well its possible... but its gonna be pretty difficult...i would not reccomend starting with a rail spike. Some of the spikes MAY be high carbon steel but getting it to the thickness is alot of work especialy if you have never forged before.  My advice would be to either get some basic stock like round stock and hammer it flat (dont get it very thick) OR get flat stock the thickness you desire and cut it out with a hacksaw or other tool. Straight razors are one of the finest edged tools that a common person would use on a daily basis. They require a great first sharpening and then great maintence following it.  I have taken a qoute from another article on this to share with you.

    'Sharpening is the final stage in the process. At first the blade is sharpened on a grinding wheel. Following that the blade can be honed by holding the blades against the flat side of rotating round stones, or by drawing the blade across stationary flat stones. The cutting edge is finished using a strop."

    So the idea behind it would be to go from a quick edge using a somewhat fine grinding wheel on your grinder or a stationary stone. Be carefule in doing this cause excessive heat that can turn the steel colors is bad for the integrity of the blade. The you would move up to different courseness of arkansas stones until you get it pretty fine. Then from there you would use a strop possibly with polishing compound on it to finish the edge. You may be able to get a shop to do it for you but make sure to discuss the use of the blade with them before having them do it so you know what they are able to make the blade do. I have a railroad spike knife myself and let me tell ya..with a good amount of work its still pretty call it more of a chopping knife due to the thickness.

    hmmm ok, sounds like i might have to put out a little more money than i was expecting. oh well. so: to clarify, i'll need a piece of: high carbon flat stock, and then forge it? or just use a hacksaw on it? (i'll be making my own strop btw haha)

    sorry to repeat but i'll need to buy:
    1 piece of high carbon flat stock STEEL? or IRON?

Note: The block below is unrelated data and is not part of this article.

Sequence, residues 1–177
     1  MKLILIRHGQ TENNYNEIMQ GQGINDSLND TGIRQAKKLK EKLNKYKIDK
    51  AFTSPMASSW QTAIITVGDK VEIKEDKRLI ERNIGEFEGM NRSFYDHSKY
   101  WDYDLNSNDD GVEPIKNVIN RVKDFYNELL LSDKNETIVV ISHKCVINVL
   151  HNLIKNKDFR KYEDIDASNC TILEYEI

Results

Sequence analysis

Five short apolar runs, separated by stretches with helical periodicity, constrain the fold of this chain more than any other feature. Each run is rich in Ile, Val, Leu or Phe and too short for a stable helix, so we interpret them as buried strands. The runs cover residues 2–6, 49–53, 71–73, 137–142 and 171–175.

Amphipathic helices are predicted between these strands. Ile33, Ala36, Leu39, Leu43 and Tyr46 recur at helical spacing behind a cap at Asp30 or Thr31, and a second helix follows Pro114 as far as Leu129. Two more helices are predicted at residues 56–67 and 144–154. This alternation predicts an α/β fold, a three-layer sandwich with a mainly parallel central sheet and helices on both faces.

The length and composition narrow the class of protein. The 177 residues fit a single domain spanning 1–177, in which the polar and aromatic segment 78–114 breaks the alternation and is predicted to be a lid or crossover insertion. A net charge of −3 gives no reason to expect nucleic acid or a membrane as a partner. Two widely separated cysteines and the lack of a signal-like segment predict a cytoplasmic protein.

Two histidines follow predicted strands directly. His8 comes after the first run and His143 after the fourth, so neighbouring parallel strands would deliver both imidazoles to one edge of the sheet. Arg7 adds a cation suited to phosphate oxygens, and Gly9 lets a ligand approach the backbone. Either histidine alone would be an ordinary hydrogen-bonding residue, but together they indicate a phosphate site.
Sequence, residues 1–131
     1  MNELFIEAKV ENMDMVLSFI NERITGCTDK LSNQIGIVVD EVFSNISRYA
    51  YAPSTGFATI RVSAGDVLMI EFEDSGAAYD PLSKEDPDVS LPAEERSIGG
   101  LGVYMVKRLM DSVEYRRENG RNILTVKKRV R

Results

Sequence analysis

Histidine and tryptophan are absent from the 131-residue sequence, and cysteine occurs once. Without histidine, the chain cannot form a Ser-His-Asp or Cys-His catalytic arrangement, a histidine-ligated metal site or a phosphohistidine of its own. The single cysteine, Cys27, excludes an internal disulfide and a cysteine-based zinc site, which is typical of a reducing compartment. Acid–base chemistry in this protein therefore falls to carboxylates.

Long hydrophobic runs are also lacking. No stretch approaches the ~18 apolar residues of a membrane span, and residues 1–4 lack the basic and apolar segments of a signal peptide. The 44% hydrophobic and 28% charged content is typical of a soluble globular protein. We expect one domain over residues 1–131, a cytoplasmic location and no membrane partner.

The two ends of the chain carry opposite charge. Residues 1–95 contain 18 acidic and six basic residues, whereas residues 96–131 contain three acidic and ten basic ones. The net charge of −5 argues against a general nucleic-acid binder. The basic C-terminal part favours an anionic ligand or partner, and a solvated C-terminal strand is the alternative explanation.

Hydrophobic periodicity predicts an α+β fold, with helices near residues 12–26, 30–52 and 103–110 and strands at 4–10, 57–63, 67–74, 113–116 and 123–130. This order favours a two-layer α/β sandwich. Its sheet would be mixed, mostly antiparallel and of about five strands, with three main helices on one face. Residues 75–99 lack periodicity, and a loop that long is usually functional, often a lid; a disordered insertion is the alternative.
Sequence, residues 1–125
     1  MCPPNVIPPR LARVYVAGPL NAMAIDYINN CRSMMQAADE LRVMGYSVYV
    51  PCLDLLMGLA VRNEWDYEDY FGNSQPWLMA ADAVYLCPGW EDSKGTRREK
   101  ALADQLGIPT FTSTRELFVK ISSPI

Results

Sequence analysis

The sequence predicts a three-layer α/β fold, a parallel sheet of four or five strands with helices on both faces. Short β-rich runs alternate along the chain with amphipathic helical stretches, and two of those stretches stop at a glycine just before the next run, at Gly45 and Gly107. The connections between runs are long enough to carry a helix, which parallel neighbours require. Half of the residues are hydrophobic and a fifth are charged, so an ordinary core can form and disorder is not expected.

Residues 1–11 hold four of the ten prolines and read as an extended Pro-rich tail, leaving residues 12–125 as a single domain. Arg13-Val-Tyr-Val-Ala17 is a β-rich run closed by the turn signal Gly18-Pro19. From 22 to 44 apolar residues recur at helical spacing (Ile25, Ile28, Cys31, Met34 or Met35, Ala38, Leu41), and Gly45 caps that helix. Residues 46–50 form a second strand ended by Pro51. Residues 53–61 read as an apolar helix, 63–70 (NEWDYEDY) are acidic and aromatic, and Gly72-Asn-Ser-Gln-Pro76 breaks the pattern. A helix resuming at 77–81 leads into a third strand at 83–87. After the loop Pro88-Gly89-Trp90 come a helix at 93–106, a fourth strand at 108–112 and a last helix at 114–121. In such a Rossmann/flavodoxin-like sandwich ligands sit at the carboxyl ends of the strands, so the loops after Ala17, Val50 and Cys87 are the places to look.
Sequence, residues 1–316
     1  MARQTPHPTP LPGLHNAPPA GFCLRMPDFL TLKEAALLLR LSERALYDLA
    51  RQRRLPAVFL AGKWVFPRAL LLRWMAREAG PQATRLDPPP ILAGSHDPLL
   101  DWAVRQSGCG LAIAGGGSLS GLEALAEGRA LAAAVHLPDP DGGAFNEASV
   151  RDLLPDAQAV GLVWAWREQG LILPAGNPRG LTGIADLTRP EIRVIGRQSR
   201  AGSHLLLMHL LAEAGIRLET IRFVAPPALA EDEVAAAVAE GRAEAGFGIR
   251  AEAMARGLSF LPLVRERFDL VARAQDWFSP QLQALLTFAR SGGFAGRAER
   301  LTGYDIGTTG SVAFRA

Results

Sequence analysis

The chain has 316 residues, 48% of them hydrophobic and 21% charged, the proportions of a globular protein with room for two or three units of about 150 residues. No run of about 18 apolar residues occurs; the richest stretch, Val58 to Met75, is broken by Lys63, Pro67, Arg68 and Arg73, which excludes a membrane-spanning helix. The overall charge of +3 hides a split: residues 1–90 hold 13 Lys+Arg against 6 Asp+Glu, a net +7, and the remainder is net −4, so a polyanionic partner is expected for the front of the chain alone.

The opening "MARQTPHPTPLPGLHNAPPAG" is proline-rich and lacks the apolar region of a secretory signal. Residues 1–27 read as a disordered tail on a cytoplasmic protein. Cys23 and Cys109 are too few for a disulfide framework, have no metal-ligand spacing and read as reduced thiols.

and then: FORGE it, or just CUT it out?

    also, there's a barber that uses a straight razor on campus. he's been there for 50+ years. im betting he'd be able to hone a fairly dull razor.

    btw, how much do you think a piece of stock will run me? (in USD) can get thin round stock and hammer it flat and to shape OR get a sheet of flat stock and cut it out in shape...then you would want to sharpen it to the best of your abilities...these razors come sharp and they r only maintained sharp..they are not really resharpened by a barber..he keeps them sharp with the strop. If you get it to a pretty good edge he may be able to do it for you OR tell you how to sharpen as you want it. Ive never really bought steel...all my stuff is recycled. You want a flat stock as thick as the BACK UNSHARPENED edge of your razor will be and from there u grind the edge you want and do all the sharpening tricks to it.

    You either want 1 peice flat STEEL stock or 1 peice round steel stock and forge it flat and work with it

    i think i'll just get a sheet of thin flat stock. I'll let you know how this all works out in a couple of weeks when i get back home to my tools! 

    oh, and i saw on youtube a video of a guy making wedges from wood for a straight you know what those are? just curious haha

    sunds good! you will have to post a pic! and i have no clue on that 1 lol

    Oh, i'll DEFINITELY be posting a picture :)

    but, i might be using a differant forge :S sorry! i don't have this readily available...probably going to bury a piece of pipe in the ground and then drill holes in it, dig out the dirt around it, then line the sides around it with red brick.